A: Yes. It's possible to not get enough vitamins from three small meals a day. At your regular check-ups, your specialist will evaluate whether you are getting enough vitamin B12, folic acid, and iron. Your surgeon may advise you to take supplements.
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A: You should be able to take prescribed medication, though you may need to use capsules, break big tablets in half or dissolve them in water. Always ask the doctor who prescribes the drugs. Your surgeon may tell you to avoid taking aspirin and other nonsteroidal anti-inflammatory pain relievers because they may irritate the stomach.
A: Order only a small amount of food, such as an appetizer. Eat slowly. Finish at the same time as your table companions. You might want to let your host or hostess know in advance that you cannot eat very much.
A: Alcohol has a high number of calories and breaks down vitamins. An occasional glass of wine or other alcoholic beverage, though, is not considered harmful to weight loss.
A: After your stomach has healed, you may eat most foods that don't cause you discomfort. However, because you can only eat a little, it is important to include foods full of important vitamins and nutrients as advised by your surgeon and/or dietitian. If you eat foods that contain lots of sugar and fat or drink liquids full of "empty" calories, such as milkshakes, the effect of the weight loss surgery will be greatly reduced or even cancelled.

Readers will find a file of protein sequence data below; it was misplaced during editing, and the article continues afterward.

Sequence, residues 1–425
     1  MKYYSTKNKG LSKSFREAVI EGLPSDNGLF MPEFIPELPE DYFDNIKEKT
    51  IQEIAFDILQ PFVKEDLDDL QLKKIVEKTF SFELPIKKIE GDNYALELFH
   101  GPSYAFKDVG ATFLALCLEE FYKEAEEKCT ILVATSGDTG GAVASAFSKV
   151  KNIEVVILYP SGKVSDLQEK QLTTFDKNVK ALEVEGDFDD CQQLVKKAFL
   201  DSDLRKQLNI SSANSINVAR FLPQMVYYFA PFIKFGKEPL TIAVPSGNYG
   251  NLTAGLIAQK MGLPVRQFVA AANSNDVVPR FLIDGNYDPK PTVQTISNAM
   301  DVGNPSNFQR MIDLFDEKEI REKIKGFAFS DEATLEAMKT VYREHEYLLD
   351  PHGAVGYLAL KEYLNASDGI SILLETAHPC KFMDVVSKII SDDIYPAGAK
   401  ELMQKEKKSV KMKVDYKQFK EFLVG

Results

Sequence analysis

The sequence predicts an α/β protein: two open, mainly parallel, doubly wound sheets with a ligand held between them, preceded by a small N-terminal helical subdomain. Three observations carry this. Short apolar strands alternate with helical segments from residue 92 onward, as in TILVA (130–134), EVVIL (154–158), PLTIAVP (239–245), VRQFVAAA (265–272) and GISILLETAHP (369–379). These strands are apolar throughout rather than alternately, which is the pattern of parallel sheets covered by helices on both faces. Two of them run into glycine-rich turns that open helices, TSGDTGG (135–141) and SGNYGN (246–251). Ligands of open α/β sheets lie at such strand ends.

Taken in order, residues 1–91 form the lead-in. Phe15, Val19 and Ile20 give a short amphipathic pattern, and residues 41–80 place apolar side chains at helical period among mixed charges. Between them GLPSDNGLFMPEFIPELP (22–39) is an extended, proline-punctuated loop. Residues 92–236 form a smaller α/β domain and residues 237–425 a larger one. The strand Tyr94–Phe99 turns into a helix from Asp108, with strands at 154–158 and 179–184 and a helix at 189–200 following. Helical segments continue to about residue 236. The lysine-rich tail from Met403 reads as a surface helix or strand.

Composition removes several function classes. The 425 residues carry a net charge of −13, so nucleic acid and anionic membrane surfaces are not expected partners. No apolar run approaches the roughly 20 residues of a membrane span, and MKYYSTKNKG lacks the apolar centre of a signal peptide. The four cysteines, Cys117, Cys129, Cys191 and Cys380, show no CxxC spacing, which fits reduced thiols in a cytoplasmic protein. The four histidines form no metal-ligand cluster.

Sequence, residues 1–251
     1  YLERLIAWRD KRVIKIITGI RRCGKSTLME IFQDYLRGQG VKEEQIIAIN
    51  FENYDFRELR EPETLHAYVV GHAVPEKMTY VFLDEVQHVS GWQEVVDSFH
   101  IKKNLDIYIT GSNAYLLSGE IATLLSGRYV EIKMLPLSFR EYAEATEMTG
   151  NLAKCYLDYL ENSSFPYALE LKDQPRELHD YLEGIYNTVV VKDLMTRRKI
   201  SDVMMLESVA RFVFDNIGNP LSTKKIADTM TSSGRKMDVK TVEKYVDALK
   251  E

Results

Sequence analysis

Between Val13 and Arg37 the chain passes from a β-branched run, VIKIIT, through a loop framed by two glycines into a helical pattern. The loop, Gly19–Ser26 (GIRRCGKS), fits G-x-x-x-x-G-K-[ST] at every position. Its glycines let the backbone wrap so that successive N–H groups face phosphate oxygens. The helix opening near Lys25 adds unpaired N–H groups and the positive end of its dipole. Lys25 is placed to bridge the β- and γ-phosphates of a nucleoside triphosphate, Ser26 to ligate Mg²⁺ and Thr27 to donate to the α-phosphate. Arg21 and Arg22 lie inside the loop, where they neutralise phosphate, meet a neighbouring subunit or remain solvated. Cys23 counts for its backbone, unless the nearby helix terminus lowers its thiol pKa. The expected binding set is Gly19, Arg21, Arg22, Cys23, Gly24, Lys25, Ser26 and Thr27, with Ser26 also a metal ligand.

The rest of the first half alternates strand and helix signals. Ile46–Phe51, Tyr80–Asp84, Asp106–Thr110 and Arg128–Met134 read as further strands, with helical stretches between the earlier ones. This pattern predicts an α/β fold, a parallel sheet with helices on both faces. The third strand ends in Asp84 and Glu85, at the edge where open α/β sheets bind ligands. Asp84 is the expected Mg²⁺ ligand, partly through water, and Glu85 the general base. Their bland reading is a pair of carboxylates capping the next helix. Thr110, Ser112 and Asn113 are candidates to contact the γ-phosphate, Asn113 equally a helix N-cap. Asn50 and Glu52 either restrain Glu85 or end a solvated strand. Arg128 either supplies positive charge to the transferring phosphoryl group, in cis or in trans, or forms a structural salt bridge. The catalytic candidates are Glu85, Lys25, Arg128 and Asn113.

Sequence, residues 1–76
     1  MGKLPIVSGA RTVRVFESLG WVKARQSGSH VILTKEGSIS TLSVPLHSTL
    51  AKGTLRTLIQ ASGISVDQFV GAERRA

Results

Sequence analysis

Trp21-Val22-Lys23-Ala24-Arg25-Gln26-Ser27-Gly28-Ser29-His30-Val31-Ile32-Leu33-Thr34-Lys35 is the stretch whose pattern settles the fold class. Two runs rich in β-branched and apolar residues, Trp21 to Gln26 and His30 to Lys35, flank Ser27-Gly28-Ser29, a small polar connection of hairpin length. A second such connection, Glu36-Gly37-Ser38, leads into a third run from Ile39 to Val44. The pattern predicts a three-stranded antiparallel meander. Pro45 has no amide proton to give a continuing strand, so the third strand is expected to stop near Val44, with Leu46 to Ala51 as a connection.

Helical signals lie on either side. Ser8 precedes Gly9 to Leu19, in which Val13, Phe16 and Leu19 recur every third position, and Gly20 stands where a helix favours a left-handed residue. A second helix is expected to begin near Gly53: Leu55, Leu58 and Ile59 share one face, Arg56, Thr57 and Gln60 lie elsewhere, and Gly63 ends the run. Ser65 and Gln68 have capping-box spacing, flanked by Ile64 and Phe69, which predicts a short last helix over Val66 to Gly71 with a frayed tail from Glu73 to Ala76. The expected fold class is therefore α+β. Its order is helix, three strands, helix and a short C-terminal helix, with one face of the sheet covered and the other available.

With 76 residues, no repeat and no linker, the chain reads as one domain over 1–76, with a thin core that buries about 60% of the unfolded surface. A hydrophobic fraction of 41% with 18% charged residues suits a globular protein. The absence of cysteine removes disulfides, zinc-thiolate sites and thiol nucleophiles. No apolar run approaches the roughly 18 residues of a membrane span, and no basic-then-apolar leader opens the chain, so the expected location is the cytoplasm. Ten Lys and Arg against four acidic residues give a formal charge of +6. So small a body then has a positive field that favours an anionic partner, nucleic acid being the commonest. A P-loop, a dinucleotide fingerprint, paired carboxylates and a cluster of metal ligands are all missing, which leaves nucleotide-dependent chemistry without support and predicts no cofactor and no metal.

A: There may be some reduction in the volume of your stools, which is normal after a decrease in food intake because you eat less fiber. This should not cause you severe problems. If difficulties do arise, check with your doctor. He or she may suggest you take a mild laxative and drink plenty of water for a while. Your needs will vary, but you should drink at least 6-8 glasses of water a day.
A: LAP-BAND patients are either outpatient or overnight in the hospital. Gastric bypass patients are typically two days in the hospital.
A: The LAP-BAND procedure typically takes about an hour. Gastric bypass typically takes 2-4 hours. The actual length of the operation depends on many different factors.
A: The Lap Band adjustments are done in the office by adding or removing saline to the subcutaneous (under the skin) port. The adjustments take minutes and are described by the patient as essentially painless.
A: On average, people lose between 50–75% of their excess weight at two years. The amount of weight you lose depends on your motivation, how well you adhere to the post-op diet and how much you exercise. Gastric bypass patients tend to lose weight much faster, but both operations (LAP-BAND and gastric bypass) tend to reach the same level of average weight loss after 3-5 years.
A: You can eat normal foods after weight loss surgery, but you simply eat much less. You can go to restaurants, but you will typically order appetizers or eat a portion of an entrée and take the rest of it home. The only special diet after surgery is the first six weeks where you start with liquids and work up to soft solid food.
A: You will need to take a multivitamin with iron every day for the rest of your life. LAP-BAND patients have fewer vitamin deficiencies because there is no malabsorption. Chewable and liquid vitamins are easier for some patients. Gastric bypass patients will need addi-tional supplements for calcium, iron and B12. Bypass patients should have blood work drawn to check vitamin levels every three months for the first year. LAP-BAND patients should have their vitamin levels checked every year for the first few years.
A: Laparoscopic or “minimally invasive” surgery is performed by making tiny incisions in the abdomen and using specialized instru-ments to accomplish surgery with less pain and quicker recovery. A small fiberoptic camera provides the image for the surgeon to operate.